Wed, Jul 02, 2003 - Page 10 News List

Celebrations as three state banks incorporate

FINANCIAL REFORM The Bank of Taiwan, Land Bank of Taiwan and Central Trust of China have taken their first steps on the long and rocky road to privatization

By Jessie Ho  /  STAFF REPORTER

Three state-run banks, the Bank of Taiwan (台灣銀行), Land Bank of Taiwan (土銀) and Central Trust of China (中央信託局), incorporated yesterday, paving the way for their complete privatization by 2006 as part of the Cabinet's financial reform plan.

"I hope the incorporation will advance our competitiveness," said Chen Mu-tsai (陳木在), chairman of the Bank of Taiwan at the com-pany's incorporation ceremony.

The Bank of Taiwan, a 104 year-old bank with NT$48 billion in working capital, will release 52 percent of its shares between next year and 2006, Chen said.

The bank also hopes to make unloading the unused land it owns a priority, Chen said.

A Chinese-language media report in April said the Bank of Taiwan has NT$66.6 billion locked up in idle land.

Land Bank of Taiwan and Central Trust of China also celebrated their incorporation yesterday.

Wei Chi-lin (魏啟林), Land Bank's chairman and Huang Rong-shean (黃榮顯), director general of the Central Trust of China announced that the banks will set up a joint financial holding company next year with investment of NT$35 billion.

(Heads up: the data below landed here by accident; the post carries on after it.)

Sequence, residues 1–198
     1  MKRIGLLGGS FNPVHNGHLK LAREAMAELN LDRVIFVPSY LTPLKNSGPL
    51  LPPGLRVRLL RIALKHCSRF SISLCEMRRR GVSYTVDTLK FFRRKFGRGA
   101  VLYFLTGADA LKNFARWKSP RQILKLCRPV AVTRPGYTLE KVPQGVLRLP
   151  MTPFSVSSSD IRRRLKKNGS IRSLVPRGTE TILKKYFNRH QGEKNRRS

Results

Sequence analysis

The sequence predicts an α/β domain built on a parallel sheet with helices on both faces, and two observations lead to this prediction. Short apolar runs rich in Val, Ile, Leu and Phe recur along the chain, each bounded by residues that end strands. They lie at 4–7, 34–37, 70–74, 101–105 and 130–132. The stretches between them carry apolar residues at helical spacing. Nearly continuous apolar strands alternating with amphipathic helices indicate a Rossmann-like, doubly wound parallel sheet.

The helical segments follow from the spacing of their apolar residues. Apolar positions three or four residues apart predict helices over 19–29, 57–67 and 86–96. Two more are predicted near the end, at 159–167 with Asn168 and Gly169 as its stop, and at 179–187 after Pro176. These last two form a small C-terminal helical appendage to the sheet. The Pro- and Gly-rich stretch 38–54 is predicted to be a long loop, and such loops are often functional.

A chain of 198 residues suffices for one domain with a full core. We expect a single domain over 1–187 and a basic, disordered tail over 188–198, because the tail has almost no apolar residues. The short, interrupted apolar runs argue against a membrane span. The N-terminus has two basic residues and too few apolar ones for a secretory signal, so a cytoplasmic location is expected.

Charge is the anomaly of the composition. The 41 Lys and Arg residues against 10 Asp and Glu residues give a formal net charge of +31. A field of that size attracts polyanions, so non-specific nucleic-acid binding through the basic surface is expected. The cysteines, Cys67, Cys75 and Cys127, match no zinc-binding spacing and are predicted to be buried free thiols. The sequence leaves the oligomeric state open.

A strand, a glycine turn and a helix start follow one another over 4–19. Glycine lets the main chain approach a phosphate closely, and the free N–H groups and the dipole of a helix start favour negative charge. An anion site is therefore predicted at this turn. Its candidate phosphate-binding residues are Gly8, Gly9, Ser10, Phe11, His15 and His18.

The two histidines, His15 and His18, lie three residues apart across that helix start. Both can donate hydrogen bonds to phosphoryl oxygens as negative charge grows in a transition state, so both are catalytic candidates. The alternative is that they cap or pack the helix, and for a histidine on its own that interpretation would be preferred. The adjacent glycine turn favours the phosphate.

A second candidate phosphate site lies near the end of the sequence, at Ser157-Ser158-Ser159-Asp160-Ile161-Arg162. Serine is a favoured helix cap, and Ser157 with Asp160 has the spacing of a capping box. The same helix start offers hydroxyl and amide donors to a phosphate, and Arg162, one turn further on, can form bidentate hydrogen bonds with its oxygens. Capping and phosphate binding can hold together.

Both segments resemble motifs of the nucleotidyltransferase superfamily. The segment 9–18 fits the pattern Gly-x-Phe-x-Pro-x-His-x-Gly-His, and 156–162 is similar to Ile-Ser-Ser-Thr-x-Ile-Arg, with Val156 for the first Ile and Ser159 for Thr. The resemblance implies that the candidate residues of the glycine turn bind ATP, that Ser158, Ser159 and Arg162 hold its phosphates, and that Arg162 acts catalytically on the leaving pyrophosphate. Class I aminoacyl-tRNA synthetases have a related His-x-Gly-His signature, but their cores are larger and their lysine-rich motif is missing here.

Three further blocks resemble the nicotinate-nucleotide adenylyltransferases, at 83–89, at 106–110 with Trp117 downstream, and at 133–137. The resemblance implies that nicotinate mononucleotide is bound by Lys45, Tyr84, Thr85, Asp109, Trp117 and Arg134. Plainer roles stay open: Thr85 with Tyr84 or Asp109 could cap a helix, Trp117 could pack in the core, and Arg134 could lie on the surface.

"I have confidence in our oper-ations after privatization and look forward to cooperating with the Central Trust of China," Wei said at Land Bank's incorporation celebration yesterday.

Wei said the new holding company will be listed by 2005.

"We welcome foreign investors to join the board to raise our credit rating," he said.

Market watchers generally approved of the incorporation of the three institutions.

"These banks can finally be released from the government's rigid banking policies and spread their wings," said Tseng Fan-jen, a financial analyst at KGI Securities Corp (中信證券).

State-run banks can survive without worrying about competition from private companies, but their policy-making makes it difficult to catch up with market trends and so they gradually lose business to private banks which have more appealing products, Tseng said.

Tseng said state-owned banks have also been under pressure to attain annual revenue targets set by the government, which acts to reduce their capacity to offset their increasing non-performing loans (NPLs).

Bank of Taiwan's NPL ratio was 2.66 percent at the end of May, while the Land Bank's was 6.84 percent.

A banking analyst agreed that incorporation may help these banks, but added that there are still challenges ahead.

"Their financial operations will be more transparent, but the extent of which the change will help them depends on their future personnel and business strategies," said Eunice Fan (范維華), a senior analyst at Taiwan Ratings Corp (中華信評).

Fan said her company will not change its ratings on the trio for now since no significant improvement is expected immediately.

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